New Jersey Workability
This program offers full New Jersey Medicaid health coverage to individuals with disabilities who are working. The individual is charged a small premium under this program. The criteria for eligibility in this program are:
- Individual is between the ages of 16 and 64;
- Working either full or part time;
- Determined to be disabled by either the Social Security Administration or The State of New Jersey;
- Earned no more than $58,236 per year;
- Has unearned income no more than $958 per month; and
- Has less than $20,000 in liquid assets (excluded from assets are Social Security Disability Benefits, Railroad Retirement System Benefits (based on the individuals account), qualified retirement accounts, the value of a home and car.
What if the individual with a disability has resources above the allowable limit?
The resource limit is a cap on assets owned by the individual with a disability. This includes bank accounts, Uniform Gift to Minors Act (UGMA) or Uniform Trust to Minors Act (UTMA) accounts, stocks, bonds, or qualified retirement accounts (with the exception for the NJ Workability Program).
In these instances the excess resources can be spent for the individual’s needs, so long as, the items purchased are for Fair Market Value (FMV). This is often referred to as “spending down” resources. Examples can include reimbursement of expenses paid by others, extra therapies, personal items, some forms of necessities, trips or vacations, and similar items. For instance, some families incur significant expenses providing therapies for an individual with a disability, such as ABA, PT, OT, and SLT. Spending down resources includes reimbursing family members for these expenses.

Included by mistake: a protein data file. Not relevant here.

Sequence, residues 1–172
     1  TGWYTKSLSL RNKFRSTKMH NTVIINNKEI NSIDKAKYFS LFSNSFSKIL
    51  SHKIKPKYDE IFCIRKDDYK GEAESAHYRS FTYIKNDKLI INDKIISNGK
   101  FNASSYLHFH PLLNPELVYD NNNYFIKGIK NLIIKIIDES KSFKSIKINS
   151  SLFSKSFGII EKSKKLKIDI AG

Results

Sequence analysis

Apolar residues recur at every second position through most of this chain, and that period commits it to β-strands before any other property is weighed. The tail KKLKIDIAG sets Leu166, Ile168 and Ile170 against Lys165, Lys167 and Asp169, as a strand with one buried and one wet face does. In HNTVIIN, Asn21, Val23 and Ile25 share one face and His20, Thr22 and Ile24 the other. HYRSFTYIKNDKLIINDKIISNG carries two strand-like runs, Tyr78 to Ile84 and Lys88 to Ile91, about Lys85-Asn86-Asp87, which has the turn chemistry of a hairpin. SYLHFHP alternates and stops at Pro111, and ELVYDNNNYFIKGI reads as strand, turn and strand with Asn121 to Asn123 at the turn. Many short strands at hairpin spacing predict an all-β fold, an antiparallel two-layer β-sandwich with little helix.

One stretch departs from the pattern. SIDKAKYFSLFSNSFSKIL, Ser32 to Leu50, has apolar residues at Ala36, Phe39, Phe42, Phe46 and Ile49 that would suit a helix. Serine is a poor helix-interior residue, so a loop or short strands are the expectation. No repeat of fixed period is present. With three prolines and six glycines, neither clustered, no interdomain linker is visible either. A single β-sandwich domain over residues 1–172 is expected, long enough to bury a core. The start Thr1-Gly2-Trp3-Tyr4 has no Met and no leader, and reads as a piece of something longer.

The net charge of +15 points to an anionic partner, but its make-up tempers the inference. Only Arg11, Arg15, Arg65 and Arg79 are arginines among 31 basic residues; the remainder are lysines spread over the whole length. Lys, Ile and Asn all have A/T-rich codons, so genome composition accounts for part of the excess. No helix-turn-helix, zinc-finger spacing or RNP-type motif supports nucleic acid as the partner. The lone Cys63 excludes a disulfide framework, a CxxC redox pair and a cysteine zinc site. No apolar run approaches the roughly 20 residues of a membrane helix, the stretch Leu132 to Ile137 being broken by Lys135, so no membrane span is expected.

However, spending down resources cannot be achieved by simply giving away funds to family members or transferring funds to other accounts. An individual with a disability will incur penalties and periods of ineligibility if funds are handled incorrectly. Careful thought should be given when planning to engage in a spend down of the individual’s assets. If you are unsure about how to go about this, consult a professional. The effort be worthwhile in order to avoid disastrous results.
Where the assets are substantial or the individual’s needs are already being met, the assets can be placed in a Special Needs Trust (SNT). In most cases, because the assets belong to the individual seeking to establish or maintain Medicaid eligibility, the trust is required to have a “payback” provision. This provision requires that the State Medicaid agency is repaid upon the death of the individual with a disability from the assets remaining in the trust up to the amount that was spent by Medicaid for care during the individual’s lifetime. This type of trust is sometimes referred to as a “payback” trust.
The Importance of Advanced Planning
Finally, it is vital for families of an individual with a disability to create an estate plan which includes a SNT. When a family plans ahead in this manner, the type of SNT created does not require a “payback” provision because the trust will be funded with assets belonging to the parents or other family members. This type of SNT is commonly referred to as a “third party” SNT. Absent proper estate planning, when the parents of the individual with a disability die; the individual may inherit assets that would jeopardize Medicaid eligibility. For more information on this topic, please visit our Estate Planning archive of articles at www.hinkle1.com/category/estate_planning/.